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An Overview Of The 20th Century Music Era

July 05, 2022

The 20th century period of music, as its name suggests, began around 1900.

It is the last of the six periods of classical music eras and comes after the romantic era that ended around 1910AD.

  • Medieval era (500-1400)
  • Renaissance-era (1400-1600)
  • Baroque era (1600-1750)
  • Classical era (1730-1820)
  • Romantic era (1800-1910)
  • 20th Century era (1900-Present)

By the end of the Romantic period, classical music had reached something of a turning point, with many conventions and structures having essentially remained in place since the Baroque era of the 17th and 18th Centuries.

Composers began to reject these traditions in different ways in the 20th Century, creating a broad range of totally new and often radical music.

As a result, there is no recognizable unified sound to the music of this period, and it is, in general, much more stylistically divergent than the preceding eras of Western art music.

The 20th century isn’t made up of one style but several different movements that were popular with different composers and at different points throughout the 20th century.


Impressionism was a movement in the late 19th and early 20th Centuries in both art and music, which focused on mood and atmosphere. Orchestral works by the French composers Maurice Ravel and Claude Debussy used timbre ambiguous tonality, and unusual scales to suggest color.

It was also intended to be charming and sensuous, in contrast to the heavy, deeply serious music made in the late Romantic period by German composers like Richard Wagner.

Debussy’s composition “La Mer” depicts the sea, although he rejected the impressionist label:

Impressionist painters like Claude Monet focused on portraying light and movement rather than realistically recreating the minute details of objects.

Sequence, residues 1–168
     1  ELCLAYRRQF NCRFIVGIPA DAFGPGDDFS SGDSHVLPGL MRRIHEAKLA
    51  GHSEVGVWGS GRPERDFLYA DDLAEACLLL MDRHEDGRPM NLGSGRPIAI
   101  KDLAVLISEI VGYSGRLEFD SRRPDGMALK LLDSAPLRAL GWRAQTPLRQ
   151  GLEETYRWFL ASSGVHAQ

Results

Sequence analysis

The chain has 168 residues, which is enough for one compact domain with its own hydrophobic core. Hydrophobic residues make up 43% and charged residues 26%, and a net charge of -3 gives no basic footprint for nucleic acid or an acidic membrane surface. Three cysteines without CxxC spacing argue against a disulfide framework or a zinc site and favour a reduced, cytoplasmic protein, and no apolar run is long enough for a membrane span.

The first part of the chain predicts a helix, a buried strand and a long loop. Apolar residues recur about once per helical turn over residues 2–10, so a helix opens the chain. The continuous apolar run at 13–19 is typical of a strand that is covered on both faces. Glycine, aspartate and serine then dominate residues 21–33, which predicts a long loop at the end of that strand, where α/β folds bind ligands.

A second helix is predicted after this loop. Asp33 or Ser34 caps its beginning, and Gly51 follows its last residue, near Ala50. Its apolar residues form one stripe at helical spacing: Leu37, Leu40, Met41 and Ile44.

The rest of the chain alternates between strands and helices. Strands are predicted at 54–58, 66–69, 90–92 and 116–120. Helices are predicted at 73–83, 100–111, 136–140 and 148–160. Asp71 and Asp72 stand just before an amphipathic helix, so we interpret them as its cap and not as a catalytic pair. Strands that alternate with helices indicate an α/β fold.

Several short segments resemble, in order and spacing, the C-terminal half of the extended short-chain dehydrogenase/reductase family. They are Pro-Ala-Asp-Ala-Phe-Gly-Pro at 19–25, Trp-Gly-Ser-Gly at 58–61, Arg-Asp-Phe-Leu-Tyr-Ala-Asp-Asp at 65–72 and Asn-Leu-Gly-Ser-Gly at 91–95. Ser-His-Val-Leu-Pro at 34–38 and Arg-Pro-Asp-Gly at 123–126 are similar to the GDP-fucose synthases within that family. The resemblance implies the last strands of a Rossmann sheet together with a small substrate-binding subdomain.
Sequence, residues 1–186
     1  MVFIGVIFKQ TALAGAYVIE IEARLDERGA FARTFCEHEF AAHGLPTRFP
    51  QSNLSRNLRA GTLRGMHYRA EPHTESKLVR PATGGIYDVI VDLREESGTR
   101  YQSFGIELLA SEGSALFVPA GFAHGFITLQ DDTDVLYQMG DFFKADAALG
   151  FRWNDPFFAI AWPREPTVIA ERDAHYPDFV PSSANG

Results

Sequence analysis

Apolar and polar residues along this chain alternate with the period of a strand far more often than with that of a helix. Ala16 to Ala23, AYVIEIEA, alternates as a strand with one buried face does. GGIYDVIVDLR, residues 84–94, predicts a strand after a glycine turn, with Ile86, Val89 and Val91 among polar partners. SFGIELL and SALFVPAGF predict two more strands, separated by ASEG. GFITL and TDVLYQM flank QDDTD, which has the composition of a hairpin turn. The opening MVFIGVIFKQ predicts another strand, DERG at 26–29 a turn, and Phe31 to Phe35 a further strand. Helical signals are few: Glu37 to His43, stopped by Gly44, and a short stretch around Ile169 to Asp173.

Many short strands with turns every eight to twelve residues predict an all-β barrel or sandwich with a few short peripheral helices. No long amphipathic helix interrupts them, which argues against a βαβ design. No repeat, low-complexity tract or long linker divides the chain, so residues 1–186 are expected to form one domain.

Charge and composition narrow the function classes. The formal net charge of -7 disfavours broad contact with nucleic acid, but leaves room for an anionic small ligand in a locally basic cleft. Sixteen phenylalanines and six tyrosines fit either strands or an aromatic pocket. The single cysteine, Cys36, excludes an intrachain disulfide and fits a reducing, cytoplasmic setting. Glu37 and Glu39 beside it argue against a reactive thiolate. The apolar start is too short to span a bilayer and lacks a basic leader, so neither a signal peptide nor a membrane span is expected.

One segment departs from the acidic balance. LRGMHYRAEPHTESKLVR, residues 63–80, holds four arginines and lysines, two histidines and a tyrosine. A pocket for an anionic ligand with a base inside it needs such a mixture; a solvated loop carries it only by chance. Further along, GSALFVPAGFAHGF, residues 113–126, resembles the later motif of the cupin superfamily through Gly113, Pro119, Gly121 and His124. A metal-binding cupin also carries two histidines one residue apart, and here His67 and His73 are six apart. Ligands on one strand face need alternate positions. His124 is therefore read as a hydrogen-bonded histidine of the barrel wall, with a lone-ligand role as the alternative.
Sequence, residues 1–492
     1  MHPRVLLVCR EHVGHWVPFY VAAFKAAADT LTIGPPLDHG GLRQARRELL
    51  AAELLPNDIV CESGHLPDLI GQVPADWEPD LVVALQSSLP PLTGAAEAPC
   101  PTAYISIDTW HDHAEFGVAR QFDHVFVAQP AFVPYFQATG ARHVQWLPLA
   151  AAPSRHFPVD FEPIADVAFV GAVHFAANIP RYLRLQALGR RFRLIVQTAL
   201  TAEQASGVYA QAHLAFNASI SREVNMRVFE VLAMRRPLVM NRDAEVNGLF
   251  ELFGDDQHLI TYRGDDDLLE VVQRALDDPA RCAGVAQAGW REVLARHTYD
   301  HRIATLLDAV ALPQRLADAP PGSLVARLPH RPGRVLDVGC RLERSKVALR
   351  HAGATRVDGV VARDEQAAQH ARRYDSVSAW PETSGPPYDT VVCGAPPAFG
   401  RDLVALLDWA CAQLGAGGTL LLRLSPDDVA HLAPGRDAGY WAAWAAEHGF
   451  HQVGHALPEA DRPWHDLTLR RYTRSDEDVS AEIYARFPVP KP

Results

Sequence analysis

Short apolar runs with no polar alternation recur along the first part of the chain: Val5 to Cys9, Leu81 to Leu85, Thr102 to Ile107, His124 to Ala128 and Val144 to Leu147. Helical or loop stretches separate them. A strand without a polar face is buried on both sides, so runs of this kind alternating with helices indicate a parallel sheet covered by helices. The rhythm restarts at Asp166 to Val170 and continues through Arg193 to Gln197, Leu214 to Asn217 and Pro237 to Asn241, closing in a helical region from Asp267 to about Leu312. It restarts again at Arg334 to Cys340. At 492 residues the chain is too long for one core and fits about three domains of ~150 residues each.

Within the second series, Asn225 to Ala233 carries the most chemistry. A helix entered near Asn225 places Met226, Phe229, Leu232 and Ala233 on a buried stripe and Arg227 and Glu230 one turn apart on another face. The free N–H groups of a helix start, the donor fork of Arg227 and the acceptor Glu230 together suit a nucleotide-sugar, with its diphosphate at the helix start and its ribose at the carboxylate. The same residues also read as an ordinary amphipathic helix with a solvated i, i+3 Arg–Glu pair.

In a sort of parallel to this, Debussy and Ravel rejected the tension and release of traditional cadence-based harmony in favor of tonality that was often more static, remaining within a mode like the whole tone scale, for example, for extended periods.

Modernism and Atonalism

The Common Practice era had been in place since the Baroque period, and by the 20th Century, there was a feeling that late Romantic composers like Wagner and Richard Strauss had done everything that could be done within this framework.

Lots of music composed in the 20th Century did away with these rules, and the modernist movement did so in a particularly extreme way, in keeping with its ethos of rejecting tradition and embracing individuality.

One of the key figures of the modernist movement was Arnold Shoenberg, who pioneered atonalism in the 1920s.

This rather dissonant-sounding music dispenses with traditional harmonic function and lacks a key center.

He also experimented with 12-tone music, which is based on a tone row made up of all 12 notes from the chromatic scale in a given order, with all 12 given more or less equal importance, and then manipulated in various structured ways.

Jazz and Ethnic Folk Influences